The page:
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Sugar Cane
Sugar Cane, 1931
José Diego María Rivera, Mexican
Fresco
57 1/8 x 94 1/8 inches (145.1 x 239.1 cm)
Gift of Mr. and Mrs. Herbert Cameron Morris, 1943
1943-46-2
[ More Details ]

About This Painting

Who and what do you notice in this scene? In the foreground there are three children wearing simple, peasant clothing. On the left, a girl reaches up to cut papayas from a tree, and a younger girl, in profile, holds an empty basket. On the right, a barefoot boy lugs a heavy basket full of papayas. The curve of a heavy bundle of sugar cane on a man’s back leads our eyes into the middle ground. Here, a man wearing a gun and a sombrero (broad-brimmed, straw hat) sits astride a horse, pointing his whip at three men tying bundles of sugar cane. In the background, a man with a crisscrossed cartridge belt and a rifle sits in the shade. Behind him, a man holding a whip lounges in a hammock, lazily looking out at all the activity. The straight, white columns of the veranda (porch) march back on a diagonal, echoing the figure of the girl in the foreground. The silhouette of an alert dog directs our attention toward a row of men cutting sugar cane with machetes (large knives).

Diego Rivera, known for his immense mural paintings on public buildings in Mexico, created this smaller, portable mural for his first one-person exhibition at the Museum of Modern Art in New York in 1931. It is based on one of a series of sixteen murals that he painted on the walls of the Palacio de Cortés (Palace of Cortés) in Cuernavaca, located in the southern state of Morelos. In the portable mural, which weighs more than 1,000 pounds and measures approximately six by eight feet, Rivera added the figures of children in the foreground and left out men pulling a cart at gunpoint from the background. Both versions of Sugar Cane show the harsh reality of Mexico’s colonial era when Spanish rulers forced Mexicans into hard labor on sugar plantations.

When Rivera made the portable Sugar Cane, he was at the peak of his powers as an artist and an international celebrity. He wanted to show capitalist North America images of class struggle in Mexico. He also wanted to display the Italian fresco techniques that he had adapted in Mexico. Fresco means “fresh” in Italian. Ground pigments are mixed with water, then quickly applied to fresh plaster spread on a wall before the plaster dries. Mural making requires several stages and the work of many skilled artisans—a collective process that suited Rivera’s socialist ideals.

About The Artist

José Diego María Rivera was born in Guanajuato (Goo-ah-nah-hoo-AH-toh), Mexico, in 1886. He was named “Diego” after his freethinking, journalist father, a criollo (a person of European descent born in Spanish colonial America), and “María,” after his mother, who was an obstetrician and a mestizo (part European, part Indian). A precocious child who learned to read at the age of four, he liked to draw so much that his father gave him a special room in which he could draw on anything, even the walls! When Diego was five, the family moved to Mexico City. At the age of twelve, he was allowed to enroll in the Academia de San Carlos (Academy of San Carlos), a prestigious, European-style art school, despite the fact that he was much younger than the other students.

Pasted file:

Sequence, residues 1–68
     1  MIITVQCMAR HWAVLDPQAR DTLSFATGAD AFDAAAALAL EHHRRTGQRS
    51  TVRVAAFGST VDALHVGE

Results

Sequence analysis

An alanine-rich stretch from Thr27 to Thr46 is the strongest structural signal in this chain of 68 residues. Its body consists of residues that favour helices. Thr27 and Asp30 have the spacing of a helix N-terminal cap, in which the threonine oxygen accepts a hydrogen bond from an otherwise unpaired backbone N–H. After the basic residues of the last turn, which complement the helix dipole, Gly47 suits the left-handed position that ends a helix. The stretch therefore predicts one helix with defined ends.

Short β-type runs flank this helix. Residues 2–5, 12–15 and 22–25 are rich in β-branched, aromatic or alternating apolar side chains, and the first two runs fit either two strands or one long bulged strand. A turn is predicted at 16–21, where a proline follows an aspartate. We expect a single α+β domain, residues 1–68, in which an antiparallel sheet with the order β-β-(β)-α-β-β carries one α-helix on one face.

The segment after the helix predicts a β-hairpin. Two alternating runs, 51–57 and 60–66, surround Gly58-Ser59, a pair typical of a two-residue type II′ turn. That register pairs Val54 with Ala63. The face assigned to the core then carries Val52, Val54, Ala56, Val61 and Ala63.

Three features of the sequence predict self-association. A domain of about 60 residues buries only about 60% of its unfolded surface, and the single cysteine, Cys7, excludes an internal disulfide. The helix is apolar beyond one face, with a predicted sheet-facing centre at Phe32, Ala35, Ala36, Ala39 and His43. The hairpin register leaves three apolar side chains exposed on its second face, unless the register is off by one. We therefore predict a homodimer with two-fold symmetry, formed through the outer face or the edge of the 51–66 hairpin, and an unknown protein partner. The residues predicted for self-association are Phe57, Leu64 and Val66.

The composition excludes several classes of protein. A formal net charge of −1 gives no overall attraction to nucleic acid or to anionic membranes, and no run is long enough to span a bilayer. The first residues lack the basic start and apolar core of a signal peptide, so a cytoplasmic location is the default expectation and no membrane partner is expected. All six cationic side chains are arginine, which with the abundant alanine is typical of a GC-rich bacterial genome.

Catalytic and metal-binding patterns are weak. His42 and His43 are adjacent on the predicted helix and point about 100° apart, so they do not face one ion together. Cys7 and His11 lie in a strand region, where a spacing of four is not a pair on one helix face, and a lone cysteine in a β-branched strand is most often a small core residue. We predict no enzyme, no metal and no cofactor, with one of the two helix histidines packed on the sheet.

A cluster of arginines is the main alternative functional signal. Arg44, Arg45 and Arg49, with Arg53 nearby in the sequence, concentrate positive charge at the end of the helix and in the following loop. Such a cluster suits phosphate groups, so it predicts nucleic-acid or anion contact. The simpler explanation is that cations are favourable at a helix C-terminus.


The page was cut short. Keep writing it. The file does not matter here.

After graduating, Rivera traveled on a government scholarship to Spain and France. He remained in Europe for fourteen years, going home for only one brief trip in 1910, when the Mexican Revolution was beginning. During his time abroad he became friends with avant-garde artists Pablo Picasso, Amedeo Modigliani, and Jacques Lipchitz and learned all about Modern art. In 1921, Álvaro Obregón was elected president of Mexico. Obregón provided government support for a revival of mural painting designed to give illiterate Mexicans a sense of their national identity. Rivera then decided to return home.

Seeing Mexico again through fresh eyes, Rivera was enchanted by pre-Colombian and folk art. With artists David Alfaro Siqueiros and José Clemente Orozco, he quickly became a leader of the Mexican mural renaissance. He also joined the Mexican Communist Party, with which he had a stormy relationship throughout his life. After funding for murals in Mexico began to fade, he accepted commissions from U.S. businessmen and created controversial murals in San Francisco, Detroit, and New York City. Rivera’s personal life was also tumultuous, especially his marriage, divorce, and remarriage to the charismatic artist Frida Kahlo (1907–1954).

Rivera lived during a period of intense social and political change in Mexico and the world. He created an amazing number of large-scale murals in his own country and the United States. Sugar Cane is a vibrant expression of his passionate sympathy and support for oppressed workers.

This mural is included in Mexican Art, a set of teaching posters and resource book produced by the Division of Education and made possible by generous grants from Delphi Financial Group, Reliance Standard Life Insurance Company, and The Christian R. and Mary F. Lindback Foundation.
 

For more information, please contact The Division of Education by phone at (215) 684-7580, by fax at (215) 236-4063, or by e-mail at .

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